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posted on 07.05.2021, 11:23 by Wo Jae Lee

One way to reduce the lifecycle cost and environmental impact of a product in a circular economy is to extend its lifespan by either creating longer-lasting products or managing the product properly during its use stage. Life extension of a product is envisioned to help better utilize raw materials efficiently and slow the rate of resource depletion. In the case of manufacturing equipment (e.g., an electric motor on a machine tool), securing reliable service life as well as the life extension are important for consistent production and operational excellence in a factory. However, manufacturing equipment is often utilized without a planned maintenance approach. Such a strategy frequently results in unplanned downtime, owing to unexpected failures. Scheduled maintenance replaces components frequently to avoid unexpected equipment stoppages, but increases the time associated with machine non-operation and maintenance cost.

Recently, the emergence of Industry 4.0 and smart systems is leading to increasing attention to predictive maintenance (PdM) strategies that can decrease the cost of downtime and increase the availability (utilization rate) of manufacturing equipment. PdM also has the potential to foster sustainable practices in manufacturing by maximizing the useful lives of components. In addition, advances in sensor technology (e.g., lower fabrication cost) enable greater use of sensors in a factory, which in turn is producing greater and more diverse sets of data. Widespread use of wireless sensor networks (WSNs) and plug-and-play interfaces for the data collection on product/equipment states are allowing predictive maintenance on a much greater scale. Through advances in computing, big data analysis is faster/improved and has allowed maintenance to transition from run-to-failure to statistical inference-based or machine learning prediction methods.

Moreover, maintenance practice in a factory is evolving from equipment “health management” to equipment “wellness” by establishing an integrated and collaborative manufacturing system that responds in real-time to changing conditions in a factory. The equipment wellness is an active process of becoming aware of the health condition and of making choices that achieve the full potential of the equipment. In order to enable this, a large amount of machine condition data obtained from sensors needs to be analyzed to diagnose the current health condition and predict future behavior (e.g., remaining useful life). If a fault is detected during this diagnosis, a root cause of a fault must be identified to extend equipment life and prevent problem reoccurrence.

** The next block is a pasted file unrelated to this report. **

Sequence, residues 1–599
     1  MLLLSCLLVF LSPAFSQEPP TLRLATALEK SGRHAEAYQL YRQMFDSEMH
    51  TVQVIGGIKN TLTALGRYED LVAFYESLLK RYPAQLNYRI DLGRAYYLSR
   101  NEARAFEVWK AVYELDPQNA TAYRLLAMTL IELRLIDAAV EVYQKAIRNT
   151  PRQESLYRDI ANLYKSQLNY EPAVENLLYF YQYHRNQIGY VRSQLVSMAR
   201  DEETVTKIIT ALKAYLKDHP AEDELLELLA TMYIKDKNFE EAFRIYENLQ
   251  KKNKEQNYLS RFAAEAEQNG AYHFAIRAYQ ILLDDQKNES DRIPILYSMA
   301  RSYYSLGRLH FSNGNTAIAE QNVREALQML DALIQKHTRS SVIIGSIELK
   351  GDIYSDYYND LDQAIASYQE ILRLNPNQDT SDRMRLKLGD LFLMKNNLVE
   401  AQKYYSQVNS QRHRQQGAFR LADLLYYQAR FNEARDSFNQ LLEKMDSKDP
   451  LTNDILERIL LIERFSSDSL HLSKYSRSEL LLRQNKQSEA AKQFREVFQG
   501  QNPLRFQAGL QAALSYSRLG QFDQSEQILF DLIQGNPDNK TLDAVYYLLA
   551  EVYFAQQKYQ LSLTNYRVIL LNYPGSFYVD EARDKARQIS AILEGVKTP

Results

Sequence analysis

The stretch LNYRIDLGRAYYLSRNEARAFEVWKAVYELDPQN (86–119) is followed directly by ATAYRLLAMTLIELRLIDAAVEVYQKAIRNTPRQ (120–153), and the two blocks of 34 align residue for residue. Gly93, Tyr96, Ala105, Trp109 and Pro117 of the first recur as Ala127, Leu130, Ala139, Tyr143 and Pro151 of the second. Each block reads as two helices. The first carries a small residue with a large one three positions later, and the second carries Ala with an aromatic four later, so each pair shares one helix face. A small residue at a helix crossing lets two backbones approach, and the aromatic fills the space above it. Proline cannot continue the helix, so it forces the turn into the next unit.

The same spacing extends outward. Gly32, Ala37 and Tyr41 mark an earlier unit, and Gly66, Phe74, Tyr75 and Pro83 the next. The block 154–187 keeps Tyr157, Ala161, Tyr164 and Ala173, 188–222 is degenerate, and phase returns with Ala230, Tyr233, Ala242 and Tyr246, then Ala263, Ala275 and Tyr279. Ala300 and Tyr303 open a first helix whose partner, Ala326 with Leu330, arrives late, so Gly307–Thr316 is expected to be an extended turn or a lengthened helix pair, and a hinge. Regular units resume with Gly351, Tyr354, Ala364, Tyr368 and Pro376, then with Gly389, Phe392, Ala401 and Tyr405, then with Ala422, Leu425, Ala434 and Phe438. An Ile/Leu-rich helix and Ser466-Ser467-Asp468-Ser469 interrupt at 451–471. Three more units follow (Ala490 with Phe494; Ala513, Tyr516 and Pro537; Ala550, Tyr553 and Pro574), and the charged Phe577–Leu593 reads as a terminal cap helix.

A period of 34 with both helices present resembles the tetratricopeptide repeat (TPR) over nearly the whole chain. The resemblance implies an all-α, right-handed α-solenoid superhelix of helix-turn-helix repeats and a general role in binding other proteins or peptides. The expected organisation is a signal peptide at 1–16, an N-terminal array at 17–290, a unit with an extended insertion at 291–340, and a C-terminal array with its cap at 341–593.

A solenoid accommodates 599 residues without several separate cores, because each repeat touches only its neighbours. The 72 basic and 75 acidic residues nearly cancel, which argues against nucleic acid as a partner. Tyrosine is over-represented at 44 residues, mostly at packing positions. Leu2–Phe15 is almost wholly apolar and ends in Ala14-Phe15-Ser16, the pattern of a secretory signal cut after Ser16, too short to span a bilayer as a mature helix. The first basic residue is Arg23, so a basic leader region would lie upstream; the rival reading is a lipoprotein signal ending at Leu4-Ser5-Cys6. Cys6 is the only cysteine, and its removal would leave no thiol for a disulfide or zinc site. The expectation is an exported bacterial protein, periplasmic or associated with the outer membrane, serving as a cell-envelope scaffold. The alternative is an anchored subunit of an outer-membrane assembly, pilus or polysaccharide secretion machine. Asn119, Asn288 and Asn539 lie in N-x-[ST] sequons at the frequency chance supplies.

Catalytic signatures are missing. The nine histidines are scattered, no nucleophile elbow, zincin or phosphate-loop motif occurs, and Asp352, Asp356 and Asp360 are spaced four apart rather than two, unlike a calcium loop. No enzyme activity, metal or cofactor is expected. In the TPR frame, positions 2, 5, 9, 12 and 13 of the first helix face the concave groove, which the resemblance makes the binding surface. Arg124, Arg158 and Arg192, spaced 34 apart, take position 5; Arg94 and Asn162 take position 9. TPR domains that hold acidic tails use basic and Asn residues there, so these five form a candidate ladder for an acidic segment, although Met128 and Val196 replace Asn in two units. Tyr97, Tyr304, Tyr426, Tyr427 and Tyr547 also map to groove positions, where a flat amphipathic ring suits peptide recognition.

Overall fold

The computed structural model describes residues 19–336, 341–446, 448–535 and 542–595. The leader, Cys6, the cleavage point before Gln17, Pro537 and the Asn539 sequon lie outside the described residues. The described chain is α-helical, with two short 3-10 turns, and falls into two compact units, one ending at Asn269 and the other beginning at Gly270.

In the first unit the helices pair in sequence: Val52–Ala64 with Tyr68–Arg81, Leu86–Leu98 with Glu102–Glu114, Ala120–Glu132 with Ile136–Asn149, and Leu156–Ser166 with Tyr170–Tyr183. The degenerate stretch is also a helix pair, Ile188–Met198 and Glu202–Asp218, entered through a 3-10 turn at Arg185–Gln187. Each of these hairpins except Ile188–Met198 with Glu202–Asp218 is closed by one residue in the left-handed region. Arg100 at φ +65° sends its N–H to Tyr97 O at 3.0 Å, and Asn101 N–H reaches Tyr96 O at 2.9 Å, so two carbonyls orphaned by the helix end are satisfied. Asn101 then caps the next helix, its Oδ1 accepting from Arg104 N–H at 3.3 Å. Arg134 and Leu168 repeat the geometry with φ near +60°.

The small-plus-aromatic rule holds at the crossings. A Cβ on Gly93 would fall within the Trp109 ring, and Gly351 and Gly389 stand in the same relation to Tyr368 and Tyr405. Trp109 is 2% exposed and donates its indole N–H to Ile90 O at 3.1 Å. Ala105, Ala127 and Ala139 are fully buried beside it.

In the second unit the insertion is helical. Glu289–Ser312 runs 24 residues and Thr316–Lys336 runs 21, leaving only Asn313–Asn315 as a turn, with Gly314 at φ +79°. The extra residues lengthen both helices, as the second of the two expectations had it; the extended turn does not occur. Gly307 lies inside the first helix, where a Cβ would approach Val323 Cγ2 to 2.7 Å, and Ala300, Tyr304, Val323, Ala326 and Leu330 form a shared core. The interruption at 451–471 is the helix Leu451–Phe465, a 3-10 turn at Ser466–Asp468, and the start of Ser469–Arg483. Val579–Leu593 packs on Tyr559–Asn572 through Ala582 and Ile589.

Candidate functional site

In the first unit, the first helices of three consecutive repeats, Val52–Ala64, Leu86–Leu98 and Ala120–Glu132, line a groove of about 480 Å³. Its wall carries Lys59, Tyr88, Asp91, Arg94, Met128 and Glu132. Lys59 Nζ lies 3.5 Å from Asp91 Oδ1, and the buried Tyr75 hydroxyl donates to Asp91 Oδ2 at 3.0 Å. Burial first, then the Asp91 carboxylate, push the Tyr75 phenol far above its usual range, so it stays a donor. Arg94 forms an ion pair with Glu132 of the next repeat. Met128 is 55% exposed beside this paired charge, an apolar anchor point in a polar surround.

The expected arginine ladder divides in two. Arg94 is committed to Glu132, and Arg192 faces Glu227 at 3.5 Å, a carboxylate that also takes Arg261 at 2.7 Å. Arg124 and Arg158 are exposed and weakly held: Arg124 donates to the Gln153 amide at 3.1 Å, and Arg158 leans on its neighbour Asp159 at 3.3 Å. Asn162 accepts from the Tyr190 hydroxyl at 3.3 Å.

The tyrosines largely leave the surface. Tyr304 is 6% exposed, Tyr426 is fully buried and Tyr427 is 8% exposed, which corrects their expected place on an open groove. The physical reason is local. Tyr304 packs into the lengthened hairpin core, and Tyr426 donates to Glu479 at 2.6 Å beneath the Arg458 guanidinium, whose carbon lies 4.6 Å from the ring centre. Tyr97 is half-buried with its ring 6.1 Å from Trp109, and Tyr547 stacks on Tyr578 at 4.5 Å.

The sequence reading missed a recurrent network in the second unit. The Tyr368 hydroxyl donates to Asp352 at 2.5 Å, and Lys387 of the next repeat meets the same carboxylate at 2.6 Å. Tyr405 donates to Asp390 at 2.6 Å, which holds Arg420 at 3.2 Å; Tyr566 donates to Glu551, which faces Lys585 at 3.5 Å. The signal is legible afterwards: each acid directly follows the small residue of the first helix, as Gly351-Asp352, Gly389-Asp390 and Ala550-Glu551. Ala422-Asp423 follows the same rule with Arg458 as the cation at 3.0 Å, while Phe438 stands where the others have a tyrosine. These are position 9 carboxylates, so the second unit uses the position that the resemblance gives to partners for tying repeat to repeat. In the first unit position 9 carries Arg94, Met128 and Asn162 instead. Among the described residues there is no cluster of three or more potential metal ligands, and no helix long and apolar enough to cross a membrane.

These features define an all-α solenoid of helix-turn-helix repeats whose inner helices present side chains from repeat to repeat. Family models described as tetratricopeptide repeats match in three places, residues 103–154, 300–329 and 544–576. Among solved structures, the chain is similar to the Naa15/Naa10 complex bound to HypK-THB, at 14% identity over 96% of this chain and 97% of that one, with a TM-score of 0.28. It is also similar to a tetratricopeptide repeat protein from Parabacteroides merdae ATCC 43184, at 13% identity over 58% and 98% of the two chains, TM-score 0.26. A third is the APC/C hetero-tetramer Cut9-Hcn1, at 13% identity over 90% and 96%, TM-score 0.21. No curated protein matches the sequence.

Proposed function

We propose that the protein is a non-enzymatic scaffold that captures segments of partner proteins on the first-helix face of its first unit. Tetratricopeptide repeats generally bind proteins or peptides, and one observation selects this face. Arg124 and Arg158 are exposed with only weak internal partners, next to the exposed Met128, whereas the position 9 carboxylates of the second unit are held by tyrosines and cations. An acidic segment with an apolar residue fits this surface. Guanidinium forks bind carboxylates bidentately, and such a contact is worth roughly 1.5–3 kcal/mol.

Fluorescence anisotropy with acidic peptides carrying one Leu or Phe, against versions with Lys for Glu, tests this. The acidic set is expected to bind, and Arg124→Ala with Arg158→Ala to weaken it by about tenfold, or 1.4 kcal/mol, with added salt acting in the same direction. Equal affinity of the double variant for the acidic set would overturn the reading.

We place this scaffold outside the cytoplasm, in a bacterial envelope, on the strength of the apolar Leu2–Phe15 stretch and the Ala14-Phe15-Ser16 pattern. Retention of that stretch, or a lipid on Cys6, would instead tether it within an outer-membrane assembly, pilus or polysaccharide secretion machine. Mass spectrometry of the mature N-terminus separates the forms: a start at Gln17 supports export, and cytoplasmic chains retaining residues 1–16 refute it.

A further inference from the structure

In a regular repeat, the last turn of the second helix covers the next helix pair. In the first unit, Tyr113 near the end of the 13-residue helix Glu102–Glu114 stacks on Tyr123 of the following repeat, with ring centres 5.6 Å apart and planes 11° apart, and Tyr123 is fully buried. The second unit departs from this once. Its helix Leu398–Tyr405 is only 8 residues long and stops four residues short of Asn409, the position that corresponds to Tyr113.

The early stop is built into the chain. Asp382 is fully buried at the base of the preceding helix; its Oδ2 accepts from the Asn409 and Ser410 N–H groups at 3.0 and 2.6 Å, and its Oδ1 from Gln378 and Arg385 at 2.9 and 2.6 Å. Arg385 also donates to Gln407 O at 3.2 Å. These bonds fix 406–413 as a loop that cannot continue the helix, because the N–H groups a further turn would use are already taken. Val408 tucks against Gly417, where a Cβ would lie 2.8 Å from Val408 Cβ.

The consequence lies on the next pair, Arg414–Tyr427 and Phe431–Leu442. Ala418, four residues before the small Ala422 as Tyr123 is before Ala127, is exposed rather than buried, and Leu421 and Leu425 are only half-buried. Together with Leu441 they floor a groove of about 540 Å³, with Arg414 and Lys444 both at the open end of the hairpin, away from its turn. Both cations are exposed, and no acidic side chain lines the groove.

However, it is challenging to build a model capturing a relationship between multi-sensor signals and mechanical failures, considering the dynamic manufacturing environment and the complex mechanical system in equipment. Another key challenge is to obtain usable machine condition data to validate a method.

A goal of the proposed work is to develop a systematic tool for maintenance in manufacturing plants using emerging technologies (e.g., AI, Smart Sensor, and IoT). The proposed method will facilitate decision-making that supports equipment maintenance by rapidly detecting a worn component and estimating remaining useful life. In order to diagnose and prognose a health condition of equipment, several data-driven models that describe the relationships between proxy measures (i.e., sensor signals) and machine health conditions are developed and validated through the experiment for several different manufacturing-oriented cases (e.g., cutting tool, gear, and bearing). To enhance the robustness and the prediction capability of the data-driven models, signal processing is conducted to preprocess the raw signals using domain knowledge. Through this process, useful features from the large dataset are extracted and selected, thus increasing computational efficiency in model training. To make a decision using the processed signals, a customized deep learning architecture for each case is designed to effectively and efficiently learn the relationship between the processed signals and the model’s outputs (e.g., health indicators). Ultimately, the method developed through this research helps to avoid catastrophic mechanical failures, products with unacceptable quality, defective products in the manufacturing process as well as to extend equipment service life.

To summarize, in this dissertation, the assessment of technical, environmental and economic performance of the AI-driven method for the wellness of mechanical systems is conducted. The proposed methods are applied to (1) quantify the level of tool wear in a machining process, (2) detect different faults from a power transmission mini-motor testbed (CNN), (3) detect a fault in a motor operated under various rotation speeds, and (4) to predict the time to failure of rotating machinery. Also, the effectiveness of maintenance in the use stage is examined from an environmental and economic perspective using a power efficiency loss as a metric for decision making between repair and replacement.


Wabash Heartland Innovation Network

Indiana Next Generation Manufacturing Competitiveness Center


Degree Type

Doctor of Philosophy


Environmental and Ecological Engineering

Campus location

West Lafayette

Advisor/Supervisor/Committee Chair

John W. Sutherland

Additional Committee Member 2

Fu Zhao

Additional Committee Member 3

Martin Jun

Additional Committee Member 4

Bruno Ribeiro